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It had long been assumed that Mozart wrote A Musical Joke as a spoof of clumsy village bands. Now comes a new theory: On May 27, 1784, Mozart bought a starling. Starlings are a composing species of birds, and Wolfie was so close to his pet that he held a funeral upon its passing. Mozart, it’s speculated, was immortalizing the songs of his dead friend when he composed A Musical Joke just days later. Although George Crumb may not have owned a pet whale, his Vox Balaenae was inspired by recordings of the large aquatic mammals’ songs. In conjunction with the Biomusic Project, “exploring the musical sounds in all species,” National Musical Arts will feature both works in today’s concert of music inspired by the sounds of nature. But the performance is no New Age duet; the chamber ensemble will also play Samuel Barber’s Sonata for Cello and Piano at 4 p.m. at the National Academy of Sciences’ Auditorium, 2100 C St. NW. Free. (202) 270-7732.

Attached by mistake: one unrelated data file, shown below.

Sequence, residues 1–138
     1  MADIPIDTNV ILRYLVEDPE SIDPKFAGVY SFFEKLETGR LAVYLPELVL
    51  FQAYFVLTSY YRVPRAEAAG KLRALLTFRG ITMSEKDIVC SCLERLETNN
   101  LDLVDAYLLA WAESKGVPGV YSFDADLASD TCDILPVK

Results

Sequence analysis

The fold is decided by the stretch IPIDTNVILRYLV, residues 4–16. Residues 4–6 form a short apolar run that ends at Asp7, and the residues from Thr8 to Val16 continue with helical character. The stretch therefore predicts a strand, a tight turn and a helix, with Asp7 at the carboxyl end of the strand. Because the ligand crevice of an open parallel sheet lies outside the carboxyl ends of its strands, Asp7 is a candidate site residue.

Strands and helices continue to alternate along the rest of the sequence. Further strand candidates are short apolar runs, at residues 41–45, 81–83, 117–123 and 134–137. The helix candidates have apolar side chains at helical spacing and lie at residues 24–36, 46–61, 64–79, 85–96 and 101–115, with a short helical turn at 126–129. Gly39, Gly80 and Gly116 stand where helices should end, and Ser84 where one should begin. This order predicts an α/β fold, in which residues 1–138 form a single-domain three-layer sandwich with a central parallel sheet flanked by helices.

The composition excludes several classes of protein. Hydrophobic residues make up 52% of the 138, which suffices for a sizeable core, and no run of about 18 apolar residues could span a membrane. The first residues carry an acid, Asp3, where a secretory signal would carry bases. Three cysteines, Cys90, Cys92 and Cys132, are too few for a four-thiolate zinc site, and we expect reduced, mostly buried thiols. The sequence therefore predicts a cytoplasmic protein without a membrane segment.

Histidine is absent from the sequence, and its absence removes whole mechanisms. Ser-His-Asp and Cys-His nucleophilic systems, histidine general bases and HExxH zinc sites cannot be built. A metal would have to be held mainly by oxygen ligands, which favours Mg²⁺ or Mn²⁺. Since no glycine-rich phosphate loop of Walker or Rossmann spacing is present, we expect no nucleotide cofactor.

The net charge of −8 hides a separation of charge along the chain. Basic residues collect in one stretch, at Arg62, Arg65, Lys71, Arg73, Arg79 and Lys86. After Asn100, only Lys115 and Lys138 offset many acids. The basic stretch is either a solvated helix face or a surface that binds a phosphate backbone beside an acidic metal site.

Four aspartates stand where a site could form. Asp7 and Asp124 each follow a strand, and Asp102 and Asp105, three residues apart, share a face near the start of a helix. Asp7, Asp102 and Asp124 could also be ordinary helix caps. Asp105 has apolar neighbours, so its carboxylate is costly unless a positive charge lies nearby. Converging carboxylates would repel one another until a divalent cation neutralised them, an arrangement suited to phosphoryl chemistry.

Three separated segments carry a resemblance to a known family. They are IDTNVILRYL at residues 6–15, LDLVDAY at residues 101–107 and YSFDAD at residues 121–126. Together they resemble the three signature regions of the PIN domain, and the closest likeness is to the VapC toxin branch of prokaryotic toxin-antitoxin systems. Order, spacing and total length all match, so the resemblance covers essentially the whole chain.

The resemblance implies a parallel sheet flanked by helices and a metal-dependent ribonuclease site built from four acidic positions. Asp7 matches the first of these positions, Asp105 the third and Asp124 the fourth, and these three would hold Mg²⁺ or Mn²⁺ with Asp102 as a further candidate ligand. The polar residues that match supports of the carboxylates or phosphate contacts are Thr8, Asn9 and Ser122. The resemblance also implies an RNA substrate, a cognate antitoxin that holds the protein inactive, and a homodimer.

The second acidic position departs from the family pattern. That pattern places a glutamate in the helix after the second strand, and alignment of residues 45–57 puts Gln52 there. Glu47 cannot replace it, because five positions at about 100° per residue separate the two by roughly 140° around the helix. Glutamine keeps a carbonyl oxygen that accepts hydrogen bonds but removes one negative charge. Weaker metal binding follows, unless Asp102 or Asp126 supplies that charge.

(Mark W. Sullivan)